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America is divided. That much we know.
Threatened by the viral spread of disinformation and jeopardized by media business models that profit from polarization, the political middle ground is disappearing. Whether you’re a Democratic Party “socialist,” as 82 percent of Republicans characterized their counterparts in 2017, or a Republican Party “racist,” as 80 percent of Democrats reported in the same survey, members of both major political parties increasingly view each other as “not just worse for politics” but “downright evil.” The fear of our difference is great enough that some now prefer insurrection at the Capitol over compromise; even the democratic process has become a threat.
Should we be surprised? Framed by both major parties as a battle for the soul of America during the 2020 election, the current state of politics is a zero-sum game — a tribalist struggle for dominance which must conclude with ideological purity, where opposing voices are converted, silenced, or self-selectively isolated into communities of like-minded Americans.
But such an all-or-nothing perspective is untenable in democracy. What we need is to find a way to see the tension of difference not as a threat to be eliminated or avoided, but as a tool for revision and a source of creation. To do so, we must turn to those who have spent their entire lives learning to navigate and grow in the often-shunned space beyond rigid dichotomy.
We must turn to the mixed community.
Like America, I am divided. As a Filipina-American mestiza, my body is a battlefield: colonizer and colonized, immigrant and assimilator, privileged and disenfranchised. It’s a struggle that children of mixed heritage know all too well — the state of being simultaneously not enough of anything and too much of everything, with the awareness that we can always be denied entrance to either side. As Iranian-Japanese designer Nasrin Jafari notes, “Being Mixed often means you’re in-between, and therefore, unseen” — a phenomenon that occurs at Harvard, too, as multiracial students have described feeling lost among affinity groups. In America, mixedness has been outlawed through anti-miscegenation policies, erased through the pressure to choose a side, and cheapened into an “exotic” beauty standard which is often just another form of colorism. But this rejection of the mixed identity only confirms its value.
Mixedness is feared because it is revolutionary: It challenges the very notion of mutual exclusion on which our society is built, proving that the harmful dichotomies we cling to need not be the only way of life.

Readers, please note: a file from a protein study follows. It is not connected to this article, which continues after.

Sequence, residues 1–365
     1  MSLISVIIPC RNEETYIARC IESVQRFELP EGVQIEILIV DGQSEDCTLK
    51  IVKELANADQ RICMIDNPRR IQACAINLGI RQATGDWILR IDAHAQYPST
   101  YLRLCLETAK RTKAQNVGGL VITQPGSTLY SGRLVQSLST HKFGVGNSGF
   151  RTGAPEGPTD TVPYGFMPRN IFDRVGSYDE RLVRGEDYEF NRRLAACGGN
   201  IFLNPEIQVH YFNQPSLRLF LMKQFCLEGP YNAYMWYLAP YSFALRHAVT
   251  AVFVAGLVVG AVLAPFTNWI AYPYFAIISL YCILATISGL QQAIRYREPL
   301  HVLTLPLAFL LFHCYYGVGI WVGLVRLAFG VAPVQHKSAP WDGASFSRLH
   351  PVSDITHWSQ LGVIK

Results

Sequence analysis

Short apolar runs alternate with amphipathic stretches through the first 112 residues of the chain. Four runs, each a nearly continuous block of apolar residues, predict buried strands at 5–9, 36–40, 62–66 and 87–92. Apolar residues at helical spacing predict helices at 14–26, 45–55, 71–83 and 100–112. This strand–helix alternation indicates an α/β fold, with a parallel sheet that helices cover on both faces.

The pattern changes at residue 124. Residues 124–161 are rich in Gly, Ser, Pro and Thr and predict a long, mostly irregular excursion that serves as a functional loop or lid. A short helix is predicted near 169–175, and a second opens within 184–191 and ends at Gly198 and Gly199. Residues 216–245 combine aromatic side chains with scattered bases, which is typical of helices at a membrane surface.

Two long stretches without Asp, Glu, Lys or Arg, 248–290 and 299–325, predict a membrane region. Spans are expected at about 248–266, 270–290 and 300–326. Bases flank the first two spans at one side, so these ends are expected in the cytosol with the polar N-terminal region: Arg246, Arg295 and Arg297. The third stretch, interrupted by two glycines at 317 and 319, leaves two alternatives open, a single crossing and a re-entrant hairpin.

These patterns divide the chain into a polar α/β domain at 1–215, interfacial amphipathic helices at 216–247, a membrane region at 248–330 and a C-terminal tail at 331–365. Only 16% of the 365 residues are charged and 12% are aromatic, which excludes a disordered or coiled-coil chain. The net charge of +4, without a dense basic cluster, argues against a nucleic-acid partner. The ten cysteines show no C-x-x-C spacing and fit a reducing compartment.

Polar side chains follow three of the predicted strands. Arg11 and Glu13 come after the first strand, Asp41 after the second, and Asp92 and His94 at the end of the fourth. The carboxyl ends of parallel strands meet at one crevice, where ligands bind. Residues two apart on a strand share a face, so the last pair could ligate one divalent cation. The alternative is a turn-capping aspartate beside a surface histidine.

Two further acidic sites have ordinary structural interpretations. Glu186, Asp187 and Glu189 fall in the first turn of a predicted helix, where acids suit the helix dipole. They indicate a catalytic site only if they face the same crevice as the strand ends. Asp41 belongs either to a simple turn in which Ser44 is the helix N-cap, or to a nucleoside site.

For those who have always had the luxury of belonging to something, there isn’t much reason to question the philosophy of mutual exclusion. Perilous as tribalism is, some may view it as preferable to the alternative: a world that is blurry and contradictory, steeped in the unpredictable tension of difference. But mixedness is not a danger to society — it is a danger to extremism. Indeed, being mixed confers an ability to bridge seemingly dichotomous spaces and to understand, if not embody, their coexistence. Fleeing towards the polar extremes seems less necessary when we recognize that there is even a middle ground to share.
This holds profound implications for our nation — not only in our capacity for empathy, but also in our pursuit of progress. In her essay “La conciencia de la mestiza,” Chicana theorist Gloria E. Anzaldúa states that mixedness is not “a balancing of opposing powers” but rather that “in attempting to work out a synthesis, the self has added a third element which is greater than the sum of its severed parts.” Strangely — or perhaps not — this sounds exactly like how our government is supposed to function. Democracy should not be a game of ideological domination, as we’re currently witnessing, but rather a synthesis of opposing viewpoints and the use of skeptical analysis in order to create optimal solutions. The future is built by breaking down paradigms, so difference can and must be productive. As impossible as it might seem right now, we’ve known this all along.
Maybe you’re a child of multiple races like me, or you identify with more than one culture or country. Either way, you have it too: this Mixed consciousness, born of the hyphenated space, which finds life rather than destruction in the tension of opposition. Maybe you’ve been made to feel ashamed of your blur and contradictions — but the secret is that you, in all of your multitudes, are exactly what the future needs.
America is divided, yes. But we, the mixed community, are living proof that it can still be whole.
Eleanor V. Wikstrom ’24, a Crimson Editorial comp director, lives in Adams House.
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